TL&DR: What I claimed was that a single layer-2 network is a single failure domain. Things are a bit more complex in public clouds. Keep reading and you’ll find out why.

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Video: Finding Paths Across the Network

Regardless of the technology used to get packets across the network, someone has to know how to get from sender to receiver(s), and as always you have multiple options:

  • Almighty controller
  • On-demand dynamic path discovery (example: probing)
  • Participation in a routing protocol

For more details, watch Finding Paths Across the Network video.

The video is part of How Networks Really Work webinar and available with Free ipSpace.net Subscription.
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FreeRTR Deep Dive on Software Gone Wild

This podcast introduction was written by Nick Buraglio, the host of today’s podcast.

In today’s evolving landscape of whitebox, brightbox, and software routing, a small but incredibly comprehensive routing platform called FreeRTR has quietly been evolving out of a research and education service provider network in Hungary. 

Kevin Myers of IPArchitechs brought this to my attention around March of 2019, at which point I went straight to work with it to see how far it could be pushed.

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Reviving Old Content, Part 3

We had the usual gloomy December weather during the end-of-year holidays, and together with the partial lockdown (with confusing ever-changing rules only someone in Balkans could dream up) it managed to put me in OCD mood… and so I decided to remove broken links from the old blog posts.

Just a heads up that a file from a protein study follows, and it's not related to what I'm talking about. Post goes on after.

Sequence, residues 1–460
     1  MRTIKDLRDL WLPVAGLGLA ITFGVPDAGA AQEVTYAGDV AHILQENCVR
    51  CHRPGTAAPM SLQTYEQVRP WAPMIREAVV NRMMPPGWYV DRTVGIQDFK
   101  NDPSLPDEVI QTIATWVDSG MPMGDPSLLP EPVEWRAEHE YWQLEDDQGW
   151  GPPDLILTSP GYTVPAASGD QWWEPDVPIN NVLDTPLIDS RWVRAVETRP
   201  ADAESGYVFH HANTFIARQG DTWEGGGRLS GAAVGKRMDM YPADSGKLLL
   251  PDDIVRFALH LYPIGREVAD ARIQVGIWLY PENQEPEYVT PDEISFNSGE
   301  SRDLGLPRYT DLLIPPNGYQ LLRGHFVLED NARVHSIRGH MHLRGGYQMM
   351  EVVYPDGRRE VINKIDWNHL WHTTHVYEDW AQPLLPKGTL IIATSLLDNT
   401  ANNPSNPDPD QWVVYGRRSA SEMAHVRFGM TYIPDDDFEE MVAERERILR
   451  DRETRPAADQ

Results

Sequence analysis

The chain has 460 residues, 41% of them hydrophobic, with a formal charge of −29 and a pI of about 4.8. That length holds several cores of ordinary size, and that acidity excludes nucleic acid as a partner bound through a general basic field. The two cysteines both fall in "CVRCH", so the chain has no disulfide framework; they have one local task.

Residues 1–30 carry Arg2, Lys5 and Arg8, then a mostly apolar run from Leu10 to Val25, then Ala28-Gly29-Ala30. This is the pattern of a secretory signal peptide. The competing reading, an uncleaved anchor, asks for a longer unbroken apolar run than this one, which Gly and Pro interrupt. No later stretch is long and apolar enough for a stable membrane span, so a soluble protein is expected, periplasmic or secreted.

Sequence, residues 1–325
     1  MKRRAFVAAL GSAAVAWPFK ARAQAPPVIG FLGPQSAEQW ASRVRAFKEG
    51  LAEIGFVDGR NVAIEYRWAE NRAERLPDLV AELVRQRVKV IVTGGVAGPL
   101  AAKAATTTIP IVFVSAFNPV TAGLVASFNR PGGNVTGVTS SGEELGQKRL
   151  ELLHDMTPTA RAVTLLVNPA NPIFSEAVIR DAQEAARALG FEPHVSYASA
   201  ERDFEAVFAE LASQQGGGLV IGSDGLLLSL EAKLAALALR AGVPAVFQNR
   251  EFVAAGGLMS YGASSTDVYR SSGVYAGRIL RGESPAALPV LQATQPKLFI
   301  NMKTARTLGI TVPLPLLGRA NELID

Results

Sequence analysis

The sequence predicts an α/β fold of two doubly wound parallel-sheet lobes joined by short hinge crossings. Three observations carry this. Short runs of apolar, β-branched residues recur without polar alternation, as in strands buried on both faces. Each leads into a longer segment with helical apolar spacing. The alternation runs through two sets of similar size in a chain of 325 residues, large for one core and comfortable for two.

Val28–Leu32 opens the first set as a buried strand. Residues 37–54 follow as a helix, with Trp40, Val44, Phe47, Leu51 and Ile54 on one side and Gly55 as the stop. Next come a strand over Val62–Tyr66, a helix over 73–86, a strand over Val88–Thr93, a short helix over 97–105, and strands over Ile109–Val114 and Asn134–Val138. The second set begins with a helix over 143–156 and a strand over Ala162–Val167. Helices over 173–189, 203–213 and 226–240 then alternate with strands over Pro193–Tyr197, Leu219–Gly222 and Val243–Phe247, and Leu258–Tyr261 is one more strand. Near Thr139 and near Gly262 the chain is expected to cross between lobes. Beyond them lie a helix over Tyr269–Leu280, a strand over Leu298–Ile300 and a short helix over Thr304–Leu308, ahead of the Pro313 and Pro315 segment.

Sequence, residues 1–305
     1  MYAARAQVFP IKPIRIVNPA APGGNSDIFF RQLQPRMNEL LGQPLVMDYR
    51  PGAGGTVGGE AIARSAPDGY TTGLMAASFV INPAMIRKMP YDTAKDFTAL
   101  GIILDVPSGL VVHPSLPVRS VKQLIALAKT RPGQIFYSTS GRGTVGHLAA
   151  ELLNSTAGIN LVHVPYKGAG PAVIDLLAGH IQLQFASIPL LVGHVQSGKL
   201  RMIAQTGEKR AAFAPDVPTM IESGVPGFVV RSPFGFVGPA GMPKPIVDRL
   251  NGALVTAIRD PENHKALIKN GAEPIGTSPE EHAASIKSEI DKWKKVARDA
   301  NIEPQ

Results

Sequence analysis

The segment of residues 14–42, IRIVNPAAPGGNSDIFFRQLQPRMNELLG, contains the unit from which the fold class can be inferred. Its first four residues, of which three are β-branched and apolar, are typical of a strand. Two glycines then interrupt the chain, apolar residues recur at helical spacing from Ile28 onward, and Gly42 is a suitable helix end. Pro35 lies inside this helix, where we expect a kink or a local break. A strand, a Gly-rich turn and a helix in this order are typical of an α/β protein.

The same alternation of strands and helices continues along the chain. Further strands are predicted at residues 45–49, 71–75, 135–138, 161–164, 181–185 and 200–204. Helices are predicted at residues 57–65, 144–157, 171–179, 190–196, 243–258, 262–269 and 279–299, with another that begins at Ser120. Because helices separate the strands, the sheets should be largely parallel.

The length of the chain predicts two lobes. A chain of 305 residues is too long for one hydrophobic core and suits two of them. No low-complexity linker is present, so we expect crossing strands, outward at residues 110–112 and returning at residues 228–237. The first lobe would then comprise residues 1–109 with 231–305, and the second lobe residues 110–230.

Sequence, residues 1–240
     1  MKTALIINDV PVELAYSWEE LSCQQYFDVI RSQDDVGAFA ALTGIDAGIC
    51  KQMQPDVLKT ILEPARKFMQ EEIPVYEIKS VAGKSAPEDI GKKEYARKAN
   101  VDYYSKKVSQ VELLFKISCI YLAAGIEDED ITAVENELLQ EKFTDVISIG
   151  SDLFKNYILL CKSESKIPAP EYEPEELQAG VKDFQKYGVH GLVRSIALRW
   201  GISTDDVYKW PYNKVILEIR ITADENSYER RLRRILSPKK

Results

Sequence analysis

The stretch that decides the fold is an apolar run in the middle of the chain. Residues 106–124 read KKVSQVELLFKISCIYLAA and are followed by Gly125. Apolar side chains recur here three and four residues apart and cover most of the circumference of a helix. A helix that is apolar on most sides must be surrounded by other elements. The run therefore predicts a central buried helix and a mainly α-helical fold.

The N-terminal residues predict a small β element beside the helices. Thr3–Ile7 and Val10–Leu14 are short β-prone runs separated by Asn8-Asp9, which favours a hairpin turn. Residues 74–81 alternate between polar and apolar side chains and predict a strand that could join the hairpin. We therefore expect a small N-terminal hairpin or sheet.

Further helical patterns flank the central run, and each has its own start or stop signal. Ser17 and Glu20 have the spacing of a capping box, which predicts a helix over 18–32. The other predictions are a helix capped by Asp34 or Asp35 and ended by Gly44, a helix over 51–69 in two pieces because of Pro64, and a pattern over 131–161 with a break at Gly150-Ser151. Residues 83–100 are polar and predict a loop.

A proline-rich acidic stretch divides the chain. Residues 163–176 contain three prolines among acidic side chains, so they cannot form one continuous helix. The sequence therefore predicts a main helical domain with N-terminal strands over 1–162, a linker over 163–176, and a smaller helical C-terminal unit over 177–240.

While doing that I figured out how fragile our industry is – I encountered a graveyard of ideas and products that would make Google proud. Some of those blog posts were removed, I left others intact because they still have some technical merits, and I made sure to write sarcastic update notices on product-focused ones. Consider those comments Easter eggs… now go and find them ;))

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What Exactly Happens after a Link Failure?

Imagine the following network running OSPF as the routing protocol. PE1–P1–PE2 is the primary path and PE1–P2–PE2 is the backup path. What happens on PE1 when the PE1–P1 link fails? What happens on PE2?

Sample 4-router network with a primary and a backup path

Sample 4-router network with a primary and a backup path

The second question is much easier to answer, and the answer is totally unambiguous as it only involves OSPF:

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Fast Failover: Techniques and Technologies

Continuing our Fast Failover saga, let’s focus on techniques and technologies available to implement it (assuming you still think it’s worth the effort).

The following text is heavily based on comments Jeff Tantsura wrote on one of my LinkedIn posts as well as the original blog post. Thank you!

There are numerous technologies you can use to implement fast reroute, from the most complex to the easiest one:

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Fast Failover: Hardware and Software Implementations